Hi, Jim Hudson – Today we’re going to take a look at the — mostly the conceptual difference between an inner and a left outer join. Anytime you’re working with any kind of data, especially relational data, you’re going to see the concept of a join.

Whether you’re a report writer or a developer or a SQL DBA, at some point, you’re going to need to join tables because SQL Servers are relational — whether it’s Microsoft SQL Server or Oracle’s SQL Server product, you’re going to relate tables. And one of the — I want to say “basic skill sets”, but that’s really true because this is not necessarily a basic skill.

One of the journeyman skill sets — one of the common or necessary skill sets necessary for a report writer or a DBA or a developer — is just the ability to join tables. There are lots of different join types. There’s left outer and right outer and full outer and cross joins and inner joins, but the two I see most of the time are inner joins and outer joins. In fact, most of the time, it’s going to be an inner join or a left outer join. And one of the great things about SQL is because it’s a standard, then the code that you’re looking at will work on both SQL server and Oracle SQL Servers — excuse me, Microsoft SQL Servers and Oracle SQL Servers.

This first line — I don’t want to spend a whole lot of time on full outer joins, but the whole idea of using the full outer join here, which is useful, is that a full outer join is going to give me all of the data from both tables — and that’s kind of what I wanted to see here. I wanted to see all of the data. So, if we run both of these queries, then here at the top, I can see all of the data in table A and all of the data in table B. And we can see right here in the “on” clause, we’re using a key — we’re using this key to join the data. And, of course, this is incredibly simple and again, it’s designed to help you understand the concepts. So, basically, the two types of joins that we want to look at the most today are inner joins and left outer joins. An inner join, it just doesn’t get any simpler. An inner join returns rows that match, ok? And in this data right here, these are the rows that match. So, if I have, you know, conceptually, customers and orders and I do an inner join, then I’m going to get all customers who have orders. What I’m not going to get is perhaps any new customers that haven’t ordered with us yet. So, if I want all of a particular table, then I could — for example — I could do a left outer join and that’s going to give me — a left outer join is going to give me everything in the left table, but only what matches in the right and nulls where they don’t match up. And we can see this down here — I’m getting everything on the left table. The table A only has 1, 2, and 3. Table B, as far as matching, only has 2 and 3, but it doesn’t have a match for row 1, therefore, we get a null. So, here’s a simple, easy thing to remember: inner joins give me rows that match, left outer joins give me everything in the left table, and only what matches in the right. And always be sure to join your tables on good keys.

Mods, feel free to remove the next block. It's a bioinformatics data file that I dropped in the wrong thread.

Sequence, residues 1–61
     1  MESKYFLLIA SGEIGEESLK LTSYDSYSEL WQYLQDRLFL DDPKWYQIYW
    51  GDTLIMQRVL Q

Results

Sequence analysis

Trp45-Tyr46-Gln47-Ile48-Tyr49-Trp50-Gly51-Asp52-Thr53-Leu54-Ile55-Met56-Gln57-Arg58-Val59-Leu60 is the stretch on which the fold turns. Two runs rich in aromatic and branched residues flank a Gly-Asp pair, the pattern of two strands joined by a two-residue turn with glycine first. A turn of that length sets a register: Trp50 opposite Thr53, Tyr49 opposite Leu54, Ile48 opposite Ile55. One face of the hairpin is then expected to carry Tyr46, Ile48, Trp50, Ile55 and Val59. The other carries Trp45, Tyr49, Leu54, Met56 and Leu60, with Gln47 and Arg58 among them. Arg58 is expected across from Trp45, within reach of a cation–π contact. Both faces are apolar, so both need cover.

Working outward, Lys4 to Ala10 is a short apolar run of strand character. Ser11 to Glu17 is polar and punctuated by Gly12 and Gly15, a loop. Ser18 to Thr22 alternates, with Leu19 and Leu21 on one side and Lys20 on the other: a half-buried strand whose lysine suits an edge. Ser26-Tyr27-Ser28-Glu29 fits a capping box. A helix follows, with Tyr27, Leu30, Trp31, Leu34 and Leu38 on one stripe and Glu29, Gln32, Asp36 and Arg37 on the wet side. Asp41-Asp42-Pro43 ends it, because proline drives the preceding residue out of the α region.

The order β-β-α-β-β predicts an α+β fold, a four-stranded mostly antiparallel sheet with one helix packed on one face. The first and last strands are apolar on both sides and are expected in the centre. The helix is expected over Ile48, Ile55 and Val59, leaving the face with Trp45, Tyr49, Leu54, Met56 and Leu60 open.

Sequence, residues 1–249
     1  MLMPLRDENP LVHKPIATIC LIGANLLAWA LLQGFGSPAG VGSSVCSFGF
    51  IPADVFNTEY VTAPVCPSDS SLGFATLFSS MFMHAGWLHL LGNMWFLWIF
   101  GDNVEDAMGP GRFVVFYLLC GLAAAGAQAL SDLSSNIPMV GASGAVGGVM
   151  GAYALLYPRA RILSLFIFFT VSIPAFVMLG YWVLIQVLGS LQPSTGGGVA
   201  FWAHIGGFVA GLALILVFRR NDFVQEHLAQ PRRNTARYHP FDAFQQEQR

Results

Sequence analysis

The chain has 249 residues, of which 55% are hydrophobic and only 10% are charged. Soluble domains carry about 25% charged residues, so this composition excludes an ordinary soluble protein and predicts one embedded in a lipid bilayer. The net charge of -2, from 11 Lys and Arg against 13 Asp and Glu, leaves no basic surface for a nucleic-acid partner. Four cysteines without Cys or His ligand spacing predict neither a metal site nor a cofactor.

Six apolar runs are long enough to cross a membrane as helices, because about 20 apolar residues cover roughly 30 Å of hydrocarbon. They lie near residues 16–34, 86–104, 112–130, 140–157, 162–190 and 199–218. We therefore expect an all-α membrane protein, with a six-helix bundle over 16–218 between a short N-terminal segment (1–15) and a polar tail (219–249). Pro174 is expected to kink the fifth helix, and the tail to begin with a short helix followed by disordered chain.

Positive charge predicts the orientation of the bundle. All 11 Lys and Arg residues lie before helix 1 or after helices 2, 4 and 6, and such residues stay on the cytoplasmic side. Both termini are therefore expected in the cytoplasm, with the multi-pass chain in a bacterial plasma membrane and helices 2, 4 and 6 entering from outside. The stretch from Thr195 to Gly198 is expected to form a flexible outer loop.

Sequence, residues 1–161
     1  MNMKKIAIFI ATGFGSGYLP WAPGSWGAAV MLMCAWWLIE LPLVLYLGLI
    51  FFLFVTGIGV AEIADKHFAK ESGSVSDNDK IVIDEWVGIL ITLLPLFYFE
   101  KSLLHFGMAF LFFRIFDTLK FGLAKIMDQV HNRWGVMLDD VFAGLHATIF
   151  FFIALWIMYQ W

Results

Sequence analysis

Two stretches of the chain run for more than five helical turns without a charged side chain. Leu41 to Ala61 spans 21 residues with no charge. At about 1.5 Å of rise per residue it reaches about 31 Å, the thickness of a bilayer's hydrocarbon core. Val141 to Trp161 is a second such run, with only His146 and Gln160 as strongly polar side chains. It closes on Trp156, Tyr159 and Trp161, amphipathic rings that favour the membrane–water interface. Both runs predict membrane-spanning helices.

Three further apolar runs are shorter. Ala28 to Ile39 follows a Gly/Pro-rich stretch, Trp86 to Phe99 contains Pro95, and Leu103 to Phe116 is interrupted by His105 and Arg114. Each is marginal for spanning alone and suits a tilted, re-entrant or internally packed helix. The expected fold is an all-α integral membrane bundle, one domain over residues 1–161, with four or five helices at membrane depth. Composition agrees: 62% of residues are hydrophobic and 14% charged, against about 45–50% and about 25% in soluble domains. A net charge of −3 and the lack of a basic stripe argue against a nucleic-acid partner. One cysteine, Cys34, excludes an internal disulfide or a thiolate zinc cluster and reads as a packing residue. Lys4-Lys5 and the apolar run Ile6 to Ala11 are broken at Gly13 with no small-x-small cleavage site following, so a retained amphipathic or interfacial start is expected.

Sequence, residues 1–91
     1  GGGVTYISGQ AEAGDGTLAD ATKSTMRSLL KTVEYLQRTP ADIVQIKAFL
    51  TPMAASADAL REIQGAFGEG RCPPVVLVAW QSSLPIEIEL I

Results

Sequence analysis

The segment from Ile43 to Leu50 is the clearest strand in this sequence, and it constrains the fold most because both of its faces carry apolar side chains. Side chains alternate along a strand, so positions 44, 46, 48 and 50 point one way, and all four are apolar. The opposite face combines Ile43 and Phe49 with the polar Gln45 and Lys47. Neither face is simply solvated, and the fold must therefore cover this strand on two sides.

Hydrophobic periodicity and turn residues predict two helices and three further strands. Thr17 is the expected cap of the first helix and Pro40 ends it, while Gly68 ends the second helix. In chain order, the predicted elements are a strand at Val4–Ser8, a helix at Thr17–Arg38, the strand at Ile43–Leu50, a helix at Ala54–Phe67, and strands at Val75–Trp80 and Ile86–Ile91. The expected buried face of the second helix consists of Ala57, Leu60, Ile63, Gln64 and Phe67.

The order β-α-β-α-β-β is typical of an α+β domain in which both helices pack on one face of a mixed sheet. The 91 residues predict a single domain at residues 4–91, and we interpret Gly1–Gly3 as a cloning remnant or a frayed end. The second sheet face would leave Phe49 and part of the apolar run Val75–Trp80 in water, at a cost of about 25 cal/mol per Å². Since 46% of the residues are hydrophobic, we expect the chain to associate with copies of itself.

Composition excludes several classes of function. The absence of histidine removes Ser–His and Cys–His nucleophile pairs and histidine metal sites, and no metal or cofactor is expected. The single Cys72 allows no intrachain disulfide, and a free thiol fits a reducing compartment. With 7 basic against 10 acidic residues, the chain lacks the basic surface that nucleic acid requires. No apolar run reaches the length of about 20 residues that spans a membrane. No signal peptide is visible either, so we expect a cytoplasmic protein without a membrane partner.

Jim Hudson,
Learn more about OakTree